The setup for Dim Carcosa, the campaign finale, reveals that there actually have been three paths all along. There are three possible variants of Dim Carcosa: One for Doubt. One for Conviction. And should you manage to collect fewer than six total marks of Doubt and Conviction, there is a third one. However fulfilling this limit requires some very special circumstances, among them to lose at least one scenario…

These are the ways to earn checkmarks for either of the paths:
Curtain Call: During the resolution, either warn the police (->Conviction) or don’t (->Doubt).
Interlude 1: Go back (->Doubt), run away (->neutral) or burn down the house (->Conviction).
Echoes of the Past: You can either take the clasp (->Conviction) or leave it (->Doubt). If you finish the scenario by defeating the Oathspeaker, you do not get this choice (->neutral).
Interlude 2: You can either ignore the warning (-> 2x Doubt) or heed it (-> 2x Conviction).
The Phantom of Truth: If you have at least 4 tallymarks for Chasing the Stranger, you have to choose one of two options during the dream sequence at setup: You either ask the Stranger about what he thinks is beautiful (-> Conviction) or wonder what you are even looking at (-> Doubt). Having fewer than 4 tallys for the Stranger is the neutral path here.
The Pallid Mask: Act a2 asks players to either spend an amount of clues at the Tomb of Shadows (-> 2x Doubt) or to defeat the Stranger (-> 2x Conviction).
Black Stars Rise: If players advance one of the act decks for the first time and only have up to 2 doom on the other act, they earn 1 Conviction. Otherwise, they earn 1 Doubt.

So you could enter Dim Carcosa with up to 9 Conviction, Doubt or a combination of both. With exception for the requirements of the third path, the exact numbers aren’t relevant, the game checks which one is higher. If they are equal, Doubt is the dominant one.

Consequences for the Doubt choices:
Going back to the house and intruding on the secret meeting will unlock a different ending for Phantom of Truth that will make the players gain a mental trauma, but also 2 extra experience.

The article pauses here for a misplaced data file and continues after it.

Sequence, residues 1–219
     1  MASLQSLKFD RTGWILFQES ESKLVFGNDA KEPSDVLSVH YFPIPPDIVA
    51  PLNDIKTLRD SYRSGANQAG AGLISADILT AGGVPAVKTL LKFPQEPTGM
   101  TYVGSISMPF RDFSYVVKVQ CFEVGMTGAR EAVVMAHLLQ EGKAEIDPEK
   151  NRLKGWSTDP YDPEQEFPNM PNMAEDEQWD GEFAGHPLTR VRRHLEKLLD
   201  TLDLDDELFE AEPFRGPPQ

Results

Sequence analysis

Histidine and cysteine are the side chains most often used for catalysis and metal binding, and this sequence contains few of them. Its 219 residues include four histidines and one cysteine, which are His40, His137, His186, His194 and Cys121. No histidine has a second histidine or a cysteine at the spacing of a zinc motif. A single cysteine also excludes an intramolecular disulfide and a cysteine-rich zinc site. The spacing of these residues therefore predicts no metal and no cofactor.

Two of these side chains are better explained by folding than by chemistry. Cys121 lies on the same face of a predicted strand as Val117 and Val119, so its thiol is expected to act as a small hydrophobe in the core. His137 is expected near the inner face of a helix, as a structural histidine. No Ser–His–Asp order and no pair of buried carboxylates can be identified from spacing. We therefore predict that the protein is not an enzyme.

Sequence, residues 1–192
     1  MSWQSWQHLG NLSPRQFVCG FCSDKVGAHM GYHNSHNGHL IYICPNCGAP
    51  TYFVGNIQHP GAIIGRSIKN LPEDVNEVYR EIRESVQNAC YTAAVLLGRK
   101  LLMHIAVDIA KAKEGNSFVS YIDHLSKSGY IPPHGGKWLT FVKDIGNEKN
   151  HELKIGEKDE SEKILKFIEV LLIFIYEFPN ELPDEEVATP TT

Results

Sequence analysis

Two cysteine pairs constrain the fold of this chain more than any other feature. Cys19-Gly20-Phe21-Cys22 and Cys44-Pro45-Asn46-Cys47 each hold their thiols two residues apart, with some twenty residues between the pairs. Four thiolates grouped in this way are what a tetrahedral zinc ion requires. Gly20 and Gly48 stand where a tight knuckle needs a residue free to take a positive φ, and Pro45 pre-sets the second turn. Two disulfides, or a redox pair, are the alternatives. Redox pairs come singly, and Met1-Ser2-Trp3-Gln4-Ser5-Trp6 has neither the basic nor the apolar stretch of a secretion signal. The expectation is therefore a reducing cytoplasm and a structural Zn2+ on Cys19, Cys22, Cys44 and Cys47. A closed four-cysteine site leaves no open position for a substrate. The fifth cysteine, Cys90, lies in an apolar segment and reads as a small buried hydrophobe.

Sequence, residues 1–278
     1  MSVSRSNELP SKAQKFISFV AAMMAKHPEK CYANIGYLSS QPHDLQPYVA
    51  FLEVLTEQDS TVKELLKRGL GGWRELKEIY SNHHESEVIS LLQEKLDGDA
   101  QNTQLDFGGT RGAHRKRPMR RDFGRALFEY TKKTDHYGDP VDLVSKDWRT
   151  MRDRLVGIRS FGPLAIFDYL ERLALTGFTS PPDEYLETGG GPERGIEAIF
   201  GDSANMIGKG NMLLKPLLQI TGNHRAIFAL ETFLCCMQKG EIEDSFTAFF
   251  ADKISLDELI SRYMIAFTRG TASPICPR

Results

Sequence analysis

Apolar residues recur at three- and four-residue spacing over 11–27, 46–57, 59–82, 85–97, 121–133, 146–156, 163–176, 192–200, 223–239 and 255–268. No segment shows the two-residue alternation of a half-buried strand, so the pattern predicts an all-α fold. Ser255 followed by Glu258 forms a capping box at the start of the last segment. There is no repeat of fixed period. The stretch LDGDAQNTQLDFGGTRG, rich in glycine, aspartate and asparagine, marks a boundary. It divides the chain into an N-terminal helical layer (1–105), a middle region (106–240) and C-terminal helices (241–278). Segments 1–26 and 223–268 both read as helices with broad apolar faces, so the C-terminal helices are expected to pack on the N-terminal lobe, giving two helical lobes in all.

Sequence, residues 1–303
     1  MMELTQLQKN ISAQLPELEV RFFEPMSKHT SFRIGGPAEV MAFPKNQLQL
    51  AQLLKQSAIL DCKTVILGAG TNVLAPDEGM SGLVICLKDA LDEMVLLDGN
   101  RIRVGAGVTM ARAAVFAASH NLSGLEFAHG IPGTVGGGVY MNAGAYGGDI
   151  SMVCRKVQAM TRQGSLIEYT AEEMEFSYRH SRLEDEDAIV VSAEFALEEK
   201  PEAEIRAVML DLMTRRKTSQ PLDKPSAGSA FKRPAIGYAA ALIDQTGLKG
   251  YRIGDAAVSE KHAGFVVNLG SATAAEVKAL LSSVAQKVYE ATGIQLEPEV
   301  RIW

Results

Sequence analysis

– For the base campaign, leaving the Onyx Clasp will lead to the players facing an enemy Daniel Chesterfield in Unspeakable Oath and accordingly are locked out of 2 experience from Interlude 2.
– For the Return to Carcosa, Unspeakable Oath will instead depend on Doubt vs Conviction and not necessarily just on whether the players took the clasp. High doubt will make players find an alive (but near lobotomized) Chesterfield who can indeed be rescued for 2 experience.
– Ignoring the warning will mean that the players can speak Hastur’s name freely. They do forfeit an extra experience that way, though.
– In The Pallid Mask, advancing act a2 with clues will advance to an act 3 that asks the players to find a specific location and gather there. During the resolution, 2 extra tally marks for Chasing the Stranger are marked that are absent in the other resolutions.
– Having more Doubt than Conviction for Phantom of Truth will turn the scenario into a hunt for the organist.
– Dim Carcosa requires players on this path to first defeat the Man in the Pallid Mask with his investigate action and then face an incorporeal Hastur, The King in Yellow. This one can only be damaged by location abilities. Basically, it’s the investigaty version of Dim Carcosa.
– For doubters, the Lost Soul treachery tests intellect against a difficulty equal to the willpower instead of the other way round.

Conversely, showing Conviction leads to this:
– Alerting the police when you also stole from the box office during Curtain Call will make the police suspicious. As a result, one investigator has to take the Paranoia weakness during the Phantom of Truth dream scenes. Don’t steal when you want to earn conviction from Curtain Call and you suffer no drawbacks.
– Burning down the house after Last King will permanently mark all of the VIPs as killed, stopping them from appearing down the road. This makes things a lot easier in many places, but it will also lead to a mental trauma during the Phantom of Truth dreams. Technically, this mental trauma would be skipped if the investigators completely fail Unspeakable Oath… but of course that comes with its own issues. Like having everyone go mad and needing to build new decks…
– During the base campaign, taking the Onyx Clasp will allow players to rescue Daniel Chesterfield from the asylum (relatively) intact during Unspeakable Oath and earn an extra 2 experience that way.
– With Return to Carcosa, Unspeakable Oath instead checks for Doubt against Conviction to determine the relevant act card. Having more Conviction spawns the Host of Confinement instead of Chesterfield, locking players out of the 2 experience for saving Daniel. With Return To, the Clasp also has a couple more uses here and there on locations.
– Heeding the warning will reward 1 experience, however it will also punish players for saying Hastur’s name aloud. Every time they do (even when reading setup instructions, flavor text, introductory dialogue, etc. to the other players), their investigator has to take 1 horror.
– The Conviction version of Phantom of Truth has the players flee from the organist. They need to survive three nights, represented by three agenda cards.
– If the players in The Pallid Mask defeat the stranger, the catacombs will crumble away and the players need to get out. Potentially, this can cost them the XP from multiple locations that are discarded during that last bit. The resolution does not hand out the extra 2 tallymarks for the chase after the Stranger that players on the Doubt route get, however they do of course get the one tally that is always awarded for defeating the stranger.